707th Airlift Squadron

 
707th Military Airlift Squadron Patch
 
 
 
707th Airlift Squadron Patch

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707th Military Airlift Squadron History and Lineage

 

Activated 1 April 1943 at Davis-Monthan AAB, Arizona were Initial assembly began. The unit moved to Alamogordo, New Mexico on 6 June 1943, but immediately moved again to Lowry AAB, Colorado, where the training was completed. The ground unit left on 18 October 1943 for Camp Shanks, New York and embarked on the Queen Mary on 25 October 1943. They sailed on 27 October 1943 and arrived in Clyde on 2 November 1943. The aircraft left Lowry AAB on 20 October 1943 for Lincoln AAB, Neb. The aircraft flew via the southern route from Florida, Puerto Rico, Brazil, Dakar, and Marrakash to England. One aircraft was lost on the Puerto Rico leg, and one aircraft was shot down when it strayed off course into France. Upon arrival in England, the 707th was assigned to the 446th Bombardment Group which was assigned to the Eighth Air Force 20th Combat Bombardment Wing and the group tail code was a "Circle-H".

War II action included bombing U-boat installations at Kiel, the port at Bremen, a chemical plant at Ludwigshafen, ball-bearing works at Berlin, aero-engine plants at Rostock, aircraft factories at Munich, marshalling yards at Coblenz, motor works at Ulm, and oil refineries at Hamburg.

Besides strategic missions, the unit often carried out support and interdictory operations. It supported the Normandy invasion in June 1944 by attacking strong points, bridges, airfields, transportation, and other targets in France. Aided ground forces at Caen and Saint-Lô during July by hitting bridges, gun batteries, and enemy troops. Dropped supplies to Allied troops near Nijmegen during the airborne attack on Holland in September. Bombed marshalling yards, bridges, and road junctions during the Battle of the Bulge, December 1944 - January 1945. Dropped supplies to airborne and ground troops near Wesel during the Allied assault across the Rhine in March 1945.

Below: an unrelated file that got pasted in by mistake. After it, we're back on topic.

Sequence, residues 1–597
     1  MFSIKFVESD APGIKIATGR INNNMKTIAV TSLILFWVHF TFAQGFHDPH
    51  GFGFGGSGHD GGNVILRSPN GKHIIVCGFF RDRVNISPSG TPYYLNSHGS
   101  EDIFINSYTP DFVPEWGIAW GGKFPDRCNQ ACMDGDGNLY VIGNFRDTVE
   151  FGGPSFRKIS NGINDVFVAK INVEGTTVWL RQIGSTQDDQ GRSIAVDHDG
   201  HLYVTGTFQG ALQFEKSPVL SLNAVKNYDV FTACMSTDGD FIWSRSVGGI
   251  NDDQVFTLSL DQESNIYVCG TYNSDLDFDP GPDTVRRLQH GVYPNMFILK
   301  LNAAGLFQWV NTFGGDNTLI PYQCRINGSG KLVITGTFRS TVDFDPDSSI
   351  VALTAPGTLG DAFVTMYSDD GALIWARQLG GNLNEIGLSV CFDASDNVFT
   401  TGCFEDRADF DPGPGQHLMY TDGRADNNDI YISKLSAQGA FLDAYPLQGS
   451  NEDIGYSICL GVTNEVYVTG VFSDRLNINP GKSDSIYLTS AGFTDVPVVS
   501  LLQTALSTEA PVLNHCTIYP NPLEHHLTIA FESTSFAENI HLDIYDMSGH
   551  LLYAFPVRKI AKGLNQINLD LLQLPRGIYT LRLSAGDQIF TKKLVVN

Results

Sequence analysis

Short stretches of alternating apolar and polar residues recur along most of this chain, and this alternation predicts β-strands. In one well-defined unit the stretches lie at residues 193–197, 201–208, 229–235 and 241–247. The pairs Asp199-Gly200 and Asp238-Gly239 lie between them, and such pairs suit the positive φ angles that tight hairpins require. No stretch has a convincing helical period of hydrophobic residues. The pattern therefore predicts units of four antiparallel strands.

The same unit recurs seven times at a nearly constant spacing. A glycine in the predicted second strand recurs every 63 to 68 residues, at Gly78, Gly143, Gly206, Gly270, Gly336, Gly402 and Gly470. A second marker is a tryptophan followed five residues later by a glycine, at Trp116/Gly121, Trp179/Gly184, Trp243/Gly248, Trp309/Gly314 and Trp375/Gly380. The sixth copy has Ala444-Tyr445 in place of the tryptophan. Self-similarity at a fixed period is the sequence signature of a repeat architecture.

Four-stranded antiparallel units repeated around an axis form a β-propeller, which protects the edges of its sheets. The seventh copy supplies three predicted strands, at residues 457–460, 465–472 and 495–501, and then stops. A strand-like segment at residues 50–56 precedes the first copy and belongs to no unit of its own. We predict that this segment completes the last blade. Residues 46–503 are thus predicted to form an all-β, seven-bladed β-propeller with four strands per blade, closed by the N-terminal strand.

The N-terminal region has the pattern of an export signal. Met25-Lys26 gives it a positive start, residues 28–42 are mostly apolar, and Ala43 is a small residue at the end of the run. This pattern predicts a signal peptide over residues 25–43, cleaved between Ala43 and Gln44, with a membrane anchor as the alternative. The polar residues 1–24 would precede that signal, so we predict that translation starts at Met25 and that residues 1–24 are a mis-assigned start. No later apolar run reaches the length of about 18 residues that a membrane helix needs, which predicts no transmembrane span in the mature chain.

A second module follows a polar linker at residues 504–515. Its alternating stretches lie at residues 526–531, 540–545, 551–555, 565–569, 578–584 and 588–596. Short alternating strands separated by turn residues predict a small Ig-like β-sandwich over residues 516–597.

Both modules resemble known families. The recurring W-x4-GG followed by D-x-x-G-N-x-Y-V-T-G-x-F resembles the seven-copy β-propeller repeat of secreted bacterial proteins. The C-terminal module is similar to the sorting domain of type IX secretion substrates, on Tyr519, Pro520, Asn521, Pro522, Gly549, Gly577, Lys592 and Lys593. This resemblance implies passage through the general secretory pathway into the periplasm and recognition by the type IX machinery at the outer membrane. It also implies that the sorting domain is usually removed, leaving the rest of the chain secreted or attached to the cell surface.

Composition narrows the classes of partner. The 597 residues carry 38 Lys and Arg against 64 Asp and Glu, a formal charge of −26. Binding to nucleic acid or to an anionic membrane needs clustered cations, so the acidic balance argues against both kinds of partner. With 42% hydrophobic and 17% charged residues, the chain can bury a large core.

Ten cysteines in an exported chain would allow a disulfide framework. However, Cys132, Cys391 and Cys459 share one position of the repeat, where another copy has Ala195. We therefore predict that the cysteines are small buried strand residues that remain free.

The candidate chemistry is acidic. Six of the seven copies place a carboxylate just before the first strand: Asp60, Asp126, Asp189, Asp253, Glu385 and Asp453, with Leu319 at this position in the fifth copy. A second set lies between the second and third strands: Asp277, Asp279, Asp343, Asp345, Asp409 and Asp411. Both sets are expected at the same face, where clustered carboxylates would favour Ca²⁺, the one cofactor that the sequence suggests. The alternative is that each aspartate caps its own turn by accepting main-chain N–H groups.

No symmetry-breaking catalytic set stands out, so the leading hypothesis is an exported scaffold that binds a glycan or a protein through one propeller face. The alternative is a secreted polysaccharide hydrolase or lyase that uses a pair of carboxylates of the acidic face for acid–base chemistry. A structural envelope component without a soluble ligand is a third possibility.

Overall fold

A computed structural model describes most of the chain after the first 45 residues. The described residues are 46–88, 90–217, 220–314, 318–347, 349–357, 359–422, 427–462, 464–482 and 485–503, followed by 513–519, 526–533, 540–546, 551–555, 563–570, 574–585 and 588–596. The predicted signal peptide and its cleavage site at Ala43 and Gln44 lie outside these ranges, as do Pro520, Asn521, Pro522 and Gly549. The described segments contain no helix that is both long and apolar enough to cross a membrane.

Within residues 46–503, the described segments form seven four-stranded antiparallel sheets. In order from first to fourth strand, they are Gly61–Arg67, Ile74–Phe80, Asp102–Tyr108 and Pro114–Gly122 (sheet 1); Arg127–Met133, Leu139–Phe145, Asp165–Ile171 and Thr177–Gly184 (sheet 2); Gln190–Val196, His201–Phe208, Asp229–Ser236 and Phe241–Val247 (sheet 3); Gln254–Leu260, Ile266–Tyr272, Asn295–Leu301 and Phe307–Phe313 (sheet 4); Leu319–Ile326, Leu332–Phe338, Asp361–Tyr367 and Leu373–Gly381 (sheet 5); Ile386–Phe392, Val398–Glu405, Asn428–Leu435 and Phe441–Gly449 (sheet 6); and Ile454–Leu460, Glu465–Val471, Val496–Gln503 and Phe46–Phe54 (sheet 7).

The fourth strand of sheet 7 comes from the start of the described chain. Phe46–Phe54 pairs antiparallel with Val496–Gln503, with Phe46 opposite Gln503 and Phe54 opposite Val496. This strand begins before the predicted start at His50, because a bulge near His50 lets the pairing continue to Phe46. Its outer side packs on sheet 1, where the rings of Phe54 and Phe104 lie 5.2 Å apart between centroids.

The 707th flew its last combat mission on 25 April, attacking a bridge near Salzburg.

Redeployed to the US June/July 1945. First of the aircraft departed the United Kingdom on mid-June 1945. One aircraft was lost over the Azores on the return flight to the US. The ground echelon sailed from Greenock on the Queen Mary on the sixth of July 1945, arriving in New York on 11 July 1945. Personnel to Camp Kilmer and had 30 days R and R. Small cadre of personnel reassembled at Sioux Falls Army Air Field, South Dakota in July to begin transition training on B-29 Superfortresses. Training canceled after Japanese Capitulation and general demobilization of the AAF led to the squadron's inactivation in August 1945.

Reactivated as an Air Force Reserve squadron in April 1948, scheduled to be equipped with B-29 Superfortress aircraft at Lubbock AFB, Texas, but never fully manned or equipped. Inactivated in 1950 due to budget reductions. Reactivated at Charleston AFB, South Carolina as part of the 315 Military Airlift Wing (Associate) equipped with C-141A Starlifters.

Lineage: Constituted 707th Bombardment Squadron (Heavy) on 20 Mar 1943; Activated on 1 Apr 1943; Inactivated on 28 Aug 1945.  Redesignated 707th Bombardment Squadron (Very Heavy) on 7 Apr 1948; Activated in the reserve on 22 Apr 1948 and Inactivated on 28 Mar 1950. Activated in the reserves 1 July 1973; Inactivated 30 June 2000.

Assignments: 446th Bombardment Group, 1 Apr 1943-28 Aug 1945; 22 Apr 1948; Twelfth Air Force, 27 Jun 1949-28 Mar 1950; 315th Military Airlift Wing (Associate); 315th Airlift Wing (Associate). 

Commanders:    (Help me complete this section by sending names...)

Stations: Davis-Monthan AAB  1 Apr – 6 Jun 1943; Lowry Field, Colorado, 8 Jun-c. 24 Oct 1943; RAF Flixton (AAF-125), England, 4 Nov 1943-5 Jul 1945; Sioux Falls Army Air Field, South Dakota, 15 Jul-28 Aug 1945; Lubbock AFB, Texas, 22 Apr 1948-28 Mar 1950; Charleston AFB, South Carolina 1 July 1973-30 June 2000.

Aircraft: B-24, 1943–1945; C-141, 1973-2000.